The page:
The U.S. Supreme Court has declined to review a Gary, Ind., school case in which the bishop of the Gary Catholic Diocese sought to prevent the National Labor Relations Board from involvement in labor disputes on the grounds that such activity violates religious freedoms of the First Amendment.
At issue in the petition, which the court denied Monday, was whether the diocese could appeal directly to the courts when the NLRB assumes jurisdiction over union representation elections and unfair labor practice disputes rather than first exhausting administrative remedies through the NLRB.
In February, the Seventh U.S. Circuit Court of Appeals overturned a lower court decision that barred the NLRB from counting ballots in a Gary diocesan union representation election and from proceeding with an unfair labor practice complaint against the Most Rev. Andrew G. Grutka, bishop of the diocese.
After the appellate decision, the ballots were counted. The lay teachers voted 260 to 172 not to unionize.
The controversy resolves around the contention by the Gary diocese and several other Catholic school districts that NLRB intervention in parochial schools is an unconsitutional government intrusion into the church's mission.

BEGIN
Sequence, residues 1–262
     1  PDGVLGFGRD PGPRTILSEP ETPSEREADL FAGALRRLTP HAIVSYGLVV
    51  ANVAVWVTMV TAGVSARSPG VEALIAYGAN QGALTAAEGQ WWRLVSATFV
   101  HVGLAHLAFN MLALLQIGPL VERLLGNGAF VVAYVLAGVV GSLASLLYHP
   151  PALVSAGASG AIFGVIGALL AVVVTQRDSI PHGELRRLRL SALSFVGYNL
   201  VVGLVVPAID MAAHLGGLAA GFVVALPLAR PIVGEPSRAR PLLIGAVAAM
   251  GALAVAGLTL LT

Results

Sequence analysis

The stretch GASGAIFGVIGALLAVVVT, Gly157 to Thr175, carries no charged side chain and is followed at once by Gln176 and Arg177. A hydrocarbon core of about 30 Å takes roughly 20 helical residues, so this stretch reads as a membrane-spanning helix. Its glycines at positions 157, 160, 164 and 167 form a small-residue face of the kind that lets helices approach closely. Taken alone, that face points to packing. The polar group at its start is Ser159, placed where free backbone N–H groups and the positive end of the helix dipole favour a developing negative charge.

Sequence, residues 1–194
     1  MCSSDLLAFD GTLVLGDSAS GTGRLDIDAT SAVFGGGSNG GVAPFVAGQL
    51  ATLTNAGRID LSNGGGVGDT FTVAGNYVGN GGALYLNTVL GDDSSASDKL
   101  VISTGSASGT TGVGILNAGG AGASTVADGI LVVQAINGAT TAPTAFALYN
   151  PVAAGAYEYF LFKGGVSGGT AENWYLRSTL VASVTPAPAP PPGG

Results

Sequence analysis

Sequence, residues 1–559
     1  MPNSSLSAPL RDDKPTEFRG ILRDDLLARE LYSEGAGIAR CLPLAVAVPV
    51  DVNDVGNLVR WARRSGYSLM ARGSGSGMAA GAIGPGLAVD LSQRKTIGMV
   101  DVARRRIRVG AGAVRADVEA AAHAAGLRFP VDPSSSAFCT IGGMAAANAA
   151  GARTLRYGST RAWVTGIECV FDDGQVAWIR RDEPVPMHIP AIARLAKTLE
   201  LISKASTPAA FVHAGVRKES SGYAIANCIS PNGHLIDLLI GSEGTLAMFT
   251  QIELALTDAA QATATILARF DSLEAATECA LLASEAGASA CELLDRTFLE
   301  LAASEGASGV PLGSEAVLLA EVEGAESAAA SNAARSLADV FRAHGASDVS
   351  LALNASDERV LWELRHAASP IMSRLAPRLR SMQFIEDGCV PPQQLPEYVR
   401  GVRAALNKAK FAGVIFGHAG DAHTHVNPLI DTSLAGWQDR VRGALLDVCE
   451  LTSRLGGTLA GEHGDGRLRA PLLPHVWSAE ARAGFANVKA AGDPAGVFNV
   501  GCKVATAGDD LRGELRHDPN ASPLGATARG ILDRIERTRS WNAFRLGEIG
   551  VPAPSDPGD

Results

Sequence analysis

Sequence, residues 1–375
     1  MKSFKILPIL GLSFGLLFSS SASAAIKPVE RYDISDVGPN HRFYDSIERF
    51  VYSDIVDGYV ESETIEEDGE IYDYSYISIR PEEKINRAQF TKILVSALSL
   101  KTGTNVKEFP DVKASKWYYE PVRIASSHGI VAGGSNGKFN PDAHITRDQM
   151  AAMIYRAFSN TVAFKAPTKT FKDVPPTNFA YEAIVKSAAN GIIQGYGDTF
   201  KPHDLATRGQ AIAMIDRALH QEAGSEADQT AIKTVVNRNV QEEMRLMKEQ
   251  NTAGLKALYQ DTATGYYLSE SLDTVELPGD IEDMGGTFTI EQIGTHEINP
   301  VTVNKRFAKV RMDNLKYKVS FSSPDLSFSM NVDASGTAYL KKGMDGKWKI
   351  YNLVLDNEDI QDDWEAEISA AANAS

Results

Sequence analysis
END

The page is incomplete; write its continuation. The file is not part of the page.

The diocese said in its briefs it would be futile to raise the thorny religious liberty questions before the NLRB because of the board's recent pattern of involment in school labor disputes.
The high court's denial of the petition without comment lets stand the appellate decision on the jurisdiction question. The consitutional issue remains "on ice," according to William B. Ball of Harrisburg, Pa., attorney for the Gary diocese.
Yet to be reviewed in Gary is the complaint against the bishop. Ball indicated that if the labor board agrees Grutka committed an unfair labor practice, the NLRF's involvement again would be challenged in court.
While the Catholic Church has taught that workers have the right to administrators have raised concerns about the application of the trade union principle in their schools. Sponsors of the union say the real issue is not legal but a moral one aimed at dignity and justice for lay teachers.
The problem has become so great for the church that the American bishops formed a special subcommittee to propose guidelines for collective bargaining.
The subcommittee has begun extensive consultations with all parties and has issued a preliminary statement that is expected to be rewritten before the issue is put to all the bishops in November.